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1 December 1991 Underwater laser scanning system
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A system is described that produces high quality images through turbid waters by means of time encoded reflected light transmitted by scattering. The system consists of a compact battery operated laser scanning unit that scans the underwater scene with the laser beam in a manner similar to a television raster. Light reflected from any object in the scene varies in accordance with the reflectance of the minute spot being illuminated. This time varying intensity (TVI) signal is transmitted through the water to a remote receiver by both scattered and unscattered light where the received signal may be stored and/or displayed. The underwater laser scanning unit can be moved freely about the field of interest by scuba diver or ROV, unencumbered by entangling umbilicals, and can send real-time images over distances of 15 to 20 attenuation lengths to observers in a shirt-sleeve environment for critical viewing on an image display monitor. This previously undescribed system was developed in the early 1970s for proof of concept tests and used technology that is now 18 or more years old. The physical principles and the experimental hardware are described and examples are given of images providing exquisite detail that were made in an experimental tank together with some images obtained in ocean trials.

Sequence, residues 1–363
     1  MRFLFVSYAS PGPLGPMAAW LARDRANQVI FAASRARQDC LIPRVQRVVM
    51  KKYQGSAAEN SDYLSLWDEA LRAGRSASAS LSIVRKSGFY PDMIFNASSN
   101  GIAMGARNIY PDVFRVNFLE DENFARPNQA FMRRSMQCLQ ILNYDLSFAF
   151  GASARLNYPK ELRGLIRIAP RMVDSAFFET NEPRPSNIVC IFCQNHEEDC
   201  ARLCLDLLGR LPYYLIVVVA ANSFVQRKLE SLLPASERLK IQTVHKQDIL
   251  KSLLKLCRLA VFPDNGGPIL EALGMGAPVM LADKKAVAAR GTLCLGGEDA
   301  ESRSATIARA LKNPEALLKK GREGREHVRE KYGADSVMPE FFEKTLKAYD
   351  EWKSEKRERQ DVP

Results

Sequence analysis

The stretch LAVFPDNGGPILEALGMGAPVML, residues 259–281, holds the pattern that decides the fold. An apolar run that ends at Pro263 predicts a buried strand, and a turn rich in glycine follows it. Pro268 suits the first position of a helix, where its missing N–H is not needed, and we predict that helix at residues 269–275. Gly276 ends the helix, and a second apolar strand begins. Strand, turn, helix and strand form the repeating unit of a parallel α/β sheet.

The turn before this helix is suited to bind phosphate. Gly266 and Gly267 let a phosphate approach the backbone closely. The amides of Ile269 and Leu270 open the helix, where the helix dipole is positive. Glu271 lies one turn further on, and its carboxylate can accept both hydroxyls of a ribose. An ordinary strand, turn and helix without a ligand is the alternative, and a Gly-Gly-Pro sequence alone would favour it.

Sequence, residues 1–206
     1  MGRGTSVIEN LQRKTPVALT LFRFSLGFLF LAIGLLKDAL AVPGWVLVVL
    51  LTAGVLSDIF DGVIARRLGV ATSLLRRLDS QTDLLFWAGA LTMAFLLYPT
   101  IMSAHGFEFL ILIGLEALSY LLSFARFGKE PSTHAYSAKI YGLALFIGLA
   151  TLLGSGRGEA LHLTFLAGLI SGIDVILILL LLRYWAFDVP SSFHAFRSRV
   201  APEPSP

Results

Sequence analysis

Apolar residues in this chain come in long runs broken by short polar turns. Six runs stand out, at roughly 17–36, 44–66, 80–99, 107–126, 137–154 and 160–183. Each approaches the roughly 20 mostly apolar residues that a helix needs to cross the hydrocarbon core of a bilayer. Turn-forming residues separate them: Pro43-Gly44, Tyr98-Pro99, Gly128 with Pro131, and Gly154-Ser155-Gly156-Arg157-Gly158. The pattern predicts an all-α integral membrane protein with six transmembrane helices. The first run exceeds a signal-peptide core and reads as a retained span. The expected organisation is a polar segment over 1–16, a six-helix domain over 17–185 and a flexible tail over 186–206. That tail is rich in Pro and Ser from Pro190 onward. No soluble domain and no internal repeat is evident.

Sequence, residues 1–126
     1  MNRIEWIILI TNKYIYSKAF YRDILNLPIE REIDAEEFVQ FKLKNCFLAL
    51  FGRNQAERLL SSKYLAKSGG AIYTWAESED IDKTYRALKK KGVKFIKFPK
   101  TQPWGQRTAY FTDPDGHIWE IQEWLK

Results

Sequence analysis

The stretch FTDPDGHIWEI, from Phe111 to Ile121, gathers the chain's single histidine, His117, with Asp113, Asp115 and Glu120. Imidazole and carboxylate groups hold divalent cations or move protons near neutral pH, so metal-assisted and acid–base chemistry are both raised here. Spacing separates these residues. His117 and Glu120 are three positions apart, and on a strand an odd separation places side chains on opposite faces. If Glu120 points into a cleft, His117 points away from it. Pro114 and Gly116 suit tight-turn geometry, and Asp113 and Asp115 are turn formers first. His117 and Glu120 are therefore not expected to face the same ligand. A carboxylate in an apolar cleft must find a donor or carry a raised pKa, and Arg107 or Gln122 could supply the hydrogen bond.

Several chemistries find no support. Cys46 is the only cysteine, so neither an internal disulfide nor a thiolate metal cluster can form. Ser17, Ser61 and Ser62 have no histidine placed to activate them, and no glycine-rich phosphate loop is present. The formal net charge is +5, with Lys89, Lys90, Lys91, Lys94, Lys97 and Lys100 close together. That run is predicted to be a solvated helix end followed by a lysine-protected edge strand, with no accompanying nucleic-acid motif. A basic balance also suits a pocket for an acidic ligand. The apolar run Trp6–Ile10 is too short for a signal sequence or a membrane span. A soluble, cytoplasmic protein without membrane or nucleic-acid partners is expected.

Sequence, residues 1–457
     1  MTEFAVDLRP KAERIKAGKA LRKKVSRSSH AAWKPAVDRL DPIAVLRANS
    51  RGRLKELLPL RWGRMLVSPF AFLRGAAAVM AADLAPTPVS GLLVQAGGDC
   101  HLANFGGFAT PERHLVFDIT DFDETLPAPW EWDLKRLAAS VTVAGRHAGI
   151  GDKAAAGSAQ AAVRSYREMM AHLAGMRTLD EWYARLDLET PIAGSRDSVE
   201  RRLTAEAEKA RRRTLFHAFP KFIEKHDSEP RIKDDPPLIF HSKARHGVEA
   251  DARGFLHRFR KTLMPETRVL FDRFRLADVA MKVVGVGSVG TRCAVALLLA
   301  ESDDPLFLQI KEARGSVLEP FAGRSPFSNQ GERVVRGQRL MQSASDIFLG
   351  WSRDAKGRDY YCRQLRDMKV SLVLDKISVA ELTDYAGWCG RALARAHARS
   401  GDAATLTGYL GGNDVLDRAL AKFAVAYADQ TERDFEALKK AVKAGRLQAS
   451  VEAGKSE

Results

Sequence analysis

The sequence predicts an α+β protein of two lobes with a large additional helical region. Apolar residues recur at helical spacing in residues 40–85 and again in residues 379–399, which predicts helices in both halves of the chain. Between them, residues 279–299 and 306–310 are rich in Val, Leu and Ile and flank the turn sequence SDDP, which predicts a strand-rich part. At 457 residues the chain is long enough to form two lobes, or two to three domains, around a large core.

© (1991) COPYRIGHT Society of Photo-Optical Instrumentation Engineers (SPIE). Downloading of the abstract is permitted for personal use only.
Roswell W. Austin, Seibert Quimby Duntley, Richard L. Ensminger, Theodore J. Petzold, and Raymond C. Smith "Underwater laser scanning system", Proc. SPIE 1537, Underwater Imaging, Photography, and Visibility, (1 December 1991);

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